The 15 hottest days, in the world's hottest month
By the end of the week, it is likely that 15 days just this month will have breached an unprecedented global temperature threshold — a clarion wakeup call in the form of extreme weather.
Why it matters: Nearly every facet of the climate system is flashing red this summer, from record-low sea ice extent in Antarctica to hot tub-like ocean waters surrounding South Florida, and all-time high temperature records set in multiple countries on at least three continents.
- And all this is occurring as human-caused emissions of greenhouse gases from the burning of fossil fuels and other sources continue to increase, despite the existence of ever-cheaper technologies to generate electricity and power certain modes of transportation.
Zoom in: Already this month, 14 days have recorded surface air temperatures greater than 17°C (62.6°F) — spikes that have not been seen for roughly 125,000 years.
- In fact, Wednesday marked the 17th straight day with global temperatures hotter than any prior days on record.
Several more records are all but certain to fall in the coming weeks:
- July will be the hottest month on Earth since instrument records began in the 19th century.
- The milestone for the hottest summer worldwide is in jeopardy, according to the European Center for Medium-Range Weather Forecasts.
- NOAA and the ECMWF has said additional heat waves are likely in coming weeks, particularly if the dominant weather pattern — featuring multiple, stuck heat domes around the hemisphere — is not disrupted.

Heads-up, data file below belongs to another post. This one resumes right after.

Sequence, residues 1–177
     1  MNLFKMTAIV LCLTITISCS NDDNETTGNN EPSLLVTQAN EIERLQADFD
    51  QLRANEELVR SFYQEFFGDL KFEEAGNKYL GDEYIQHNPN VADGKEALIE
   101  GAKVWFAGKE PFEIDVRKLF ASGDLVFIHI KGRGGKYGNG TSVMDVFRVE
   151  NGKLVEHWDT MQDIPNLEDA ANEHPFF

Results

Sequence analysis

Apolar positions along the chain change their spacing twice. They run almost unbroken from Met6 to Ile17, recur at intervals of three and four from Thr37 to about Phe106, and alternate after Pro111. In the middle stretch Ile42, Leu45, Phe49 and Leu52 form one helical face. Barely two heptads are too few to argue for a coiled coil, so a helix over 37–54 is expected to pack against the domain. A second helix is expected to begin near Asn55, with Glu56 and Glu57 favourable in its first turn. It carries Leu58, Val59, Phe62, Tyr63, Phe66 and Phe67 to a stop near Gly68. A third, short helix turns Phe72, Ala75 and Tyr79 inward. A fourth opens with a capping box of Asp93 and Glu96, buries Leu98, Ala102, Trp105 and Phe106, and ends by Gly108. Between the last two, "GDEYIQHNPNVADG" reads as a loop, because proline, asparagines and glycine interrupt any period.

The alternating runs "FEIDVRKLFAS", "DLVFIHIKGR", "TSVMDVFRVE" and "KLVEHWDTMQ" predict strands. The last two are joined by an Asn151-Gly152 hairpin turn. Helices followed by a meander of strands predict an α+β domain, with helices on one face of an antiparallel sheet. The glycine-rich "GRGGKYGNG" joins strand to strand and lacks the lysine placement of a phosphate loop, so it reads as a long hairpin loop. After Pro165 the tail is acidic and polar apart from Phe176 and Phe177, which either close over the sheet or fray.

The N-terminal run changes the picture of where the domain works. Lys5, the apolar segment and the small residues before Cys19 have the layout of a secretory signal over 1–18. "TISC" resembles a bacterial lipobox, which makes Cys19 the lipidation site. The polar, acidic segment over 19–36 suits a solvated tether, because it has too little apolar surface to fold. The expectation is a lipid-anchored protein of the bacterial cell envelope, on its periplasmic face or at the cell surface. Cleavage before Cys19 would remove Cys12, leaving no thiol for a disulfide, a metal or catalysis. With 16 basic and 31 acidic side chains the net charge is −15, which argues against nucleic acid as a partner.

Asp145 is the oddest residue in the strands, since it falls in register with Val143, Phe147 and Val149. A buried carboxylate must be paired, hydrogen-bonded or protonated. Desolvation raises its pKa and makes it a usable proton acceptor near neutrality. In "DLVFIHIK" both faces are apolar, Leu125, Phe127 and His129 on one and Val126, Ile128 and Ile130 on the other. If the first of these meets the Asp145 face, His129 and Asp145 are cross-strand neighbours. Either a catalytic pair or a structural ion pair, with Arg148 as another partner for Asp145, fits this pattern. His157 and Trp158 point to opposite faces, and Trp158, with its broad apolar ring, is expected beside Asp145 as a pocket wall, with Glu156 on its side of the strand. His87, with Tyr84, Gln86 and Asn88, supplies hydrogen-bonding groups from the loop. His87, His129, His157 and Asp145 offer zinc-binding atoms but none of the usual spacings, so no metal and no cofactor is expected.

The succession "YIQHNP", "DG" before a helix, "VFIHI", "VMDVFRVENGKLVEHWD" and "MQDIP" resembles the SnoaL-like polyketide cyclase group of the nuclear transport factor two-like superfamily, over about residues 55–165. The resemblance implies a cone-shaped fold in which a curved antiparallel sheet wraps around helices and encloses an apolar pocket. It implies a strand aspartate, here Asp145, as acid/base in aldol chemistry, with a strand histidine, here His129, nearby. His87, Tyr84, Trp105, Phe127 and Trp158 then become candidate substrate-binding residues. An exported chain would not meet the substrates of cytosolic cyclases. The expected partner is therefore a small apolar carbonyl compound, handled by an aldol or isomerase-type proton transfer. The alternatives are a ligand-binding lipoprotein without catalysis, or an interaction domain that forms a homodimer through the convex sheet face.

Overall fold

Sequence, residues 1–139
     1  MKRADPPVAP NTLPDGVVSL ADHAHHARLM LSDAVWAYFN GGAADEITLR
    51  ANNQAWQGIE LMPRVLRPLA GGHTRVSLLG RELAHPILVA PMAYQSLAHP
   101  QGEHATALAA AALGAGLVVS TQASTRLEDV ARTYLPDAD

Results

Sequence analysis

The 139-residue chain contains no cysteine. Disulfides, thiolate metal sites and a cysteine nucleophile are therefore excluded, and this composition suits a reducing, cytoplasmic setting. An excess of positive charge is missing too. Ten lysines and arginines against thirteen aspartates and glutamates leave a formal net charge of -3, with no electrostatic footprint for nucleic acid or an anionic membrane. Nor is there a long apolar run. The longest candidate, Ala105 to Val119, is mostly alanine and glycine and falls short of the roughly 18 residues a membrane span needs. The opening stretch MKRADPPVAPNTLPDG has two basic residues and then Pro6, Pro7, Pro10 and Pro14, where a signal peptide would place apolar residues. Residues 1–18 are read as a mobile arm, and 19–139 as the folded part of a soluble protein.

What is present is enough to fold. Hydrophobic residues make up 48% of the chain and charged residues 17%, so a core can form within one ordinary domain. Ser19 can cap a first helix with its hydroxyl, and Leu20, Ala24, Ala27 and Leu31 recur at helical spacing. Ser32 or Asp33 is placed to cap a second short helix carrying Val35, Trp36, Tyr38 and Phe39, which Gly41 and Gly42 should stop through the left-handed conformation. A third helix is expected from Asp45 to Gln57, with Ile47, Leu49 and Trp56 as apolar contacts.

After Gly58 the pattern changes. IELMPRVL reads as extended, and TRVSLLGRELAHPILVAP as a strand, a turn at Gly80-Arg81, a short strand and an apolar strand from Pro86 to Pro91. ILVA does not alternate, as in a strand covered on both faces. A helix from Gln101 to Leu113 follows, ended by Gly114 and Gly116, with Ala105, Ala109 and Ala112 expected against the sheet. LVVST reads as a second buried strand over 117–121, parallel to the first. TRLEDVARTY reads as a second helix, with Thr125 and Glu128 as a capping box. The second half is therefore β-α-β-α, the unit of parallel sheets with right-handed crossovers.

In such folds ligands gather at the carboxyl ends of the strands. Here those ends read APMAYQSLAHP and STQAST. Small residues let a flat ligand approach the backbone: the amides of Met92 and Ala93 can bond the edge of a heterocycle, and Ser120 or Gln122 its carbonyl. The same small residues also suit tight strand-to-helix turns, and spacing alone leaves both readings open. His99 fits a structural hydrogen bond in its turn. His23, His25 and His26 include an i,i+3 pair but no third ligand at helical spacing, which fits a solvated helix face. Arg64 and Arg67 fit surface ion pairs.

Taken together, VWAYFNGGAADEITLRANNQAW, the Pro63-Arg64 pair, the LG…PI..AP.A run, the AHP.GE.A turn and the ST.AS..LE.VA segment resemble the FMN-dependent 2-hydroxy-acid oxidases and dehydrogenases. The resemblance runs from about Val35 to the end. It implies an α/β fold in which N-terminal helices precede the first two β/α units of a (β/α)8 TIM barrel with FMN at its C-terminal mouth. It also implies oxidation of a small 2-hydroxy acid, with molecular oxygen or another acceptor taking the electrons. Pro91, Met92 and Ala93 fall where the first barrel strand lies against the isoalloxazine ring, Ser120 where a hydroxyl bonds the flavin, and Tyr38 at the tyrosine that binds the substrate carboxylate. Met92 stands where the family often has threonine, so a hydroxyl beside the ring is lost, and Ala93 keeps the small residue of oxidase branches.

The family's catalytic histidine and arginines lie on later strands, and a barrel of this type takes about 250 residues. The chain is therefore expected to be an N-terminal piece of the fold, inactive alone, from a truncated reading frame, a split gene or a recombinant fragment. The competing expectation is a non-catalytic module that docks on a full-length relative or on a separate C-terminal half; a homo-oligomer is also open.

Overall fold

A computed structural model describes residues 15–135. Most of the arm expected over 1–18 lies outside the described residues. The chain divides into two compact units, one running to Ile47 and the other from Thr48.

By the numbers: The heat domes worldwide have been noteworthy for their duration, expansiveness and severity. This is the case even in places famous for hot weather, where people would normally shrug off a hot stretch.
- The overnight minimum temperature Wednesday morning in Phoenix was a sweltering 97°F, an all time high for that location.
- On Friday, the city is forecast to have its record 20th-straight day with a high temperature of 110°F or greater.
- Austin, Texas, has had 10-straight days with a high temperature of 105°F or greater, an unprecedented streak.
Threat level: This heat is not a mere inconvenience or something to power through.
- It is downright deadly, particularly for vulnerable populations including the elderly, young children, those with chronic illnesses and people without access to air conditioning.
- Early figures on heat-related deaths in parts of the U.S., for example, are starting to emerge, and in coming weeks it is likely these will climb.
- A recent study in the journal Nature Medicine found severe heat waves in Europe last summer killed as many as 61,000 people.
The intrigue: The 17°C demarcation line is not a hard climate boundary beyond which ice sheets will melt and the oceans rise inexorably. Rather, it represents yet another warning — a "Stop, turn back" sign on the march to a more treacherous and less familiar planet.
- It is also the product of a modern but not 100% precise method of carefully estimating the planet's temperature on a daily basis.
- It involves computer model reanalysis, in which data from ships, buoys, surface weather stations, satellites and other sources are crunched and calculated in near-real-time.
What they're saying: Forget about the overused expression, "the new normal," to describe our current climate moment. As Friedericke Otto, a climate scientist at Imperial College London told Axios, "We’re nowhere near a normal."
- "Whenever we stop burning fossil fuels we can begin to figure out what 'normal' means again," Otto said.
- Former NASA climate scientist James Hansen, who rose to prominence by warning the Senate and the American people about the dangers of climate change in the sizzling American summer of 1988, told The Guardian: "We are headed wittingly into the new reality – we knew it was coming."
- He termed humanity "damned fools," saying: "We have to taste it to believe it."
The bottom line: Perhaps this is our taste of the new type of extreme heat, as we transition into even more unstable times. Because this is both one of the hottest summers of our lives, and one of the coolest of the rest of our lives.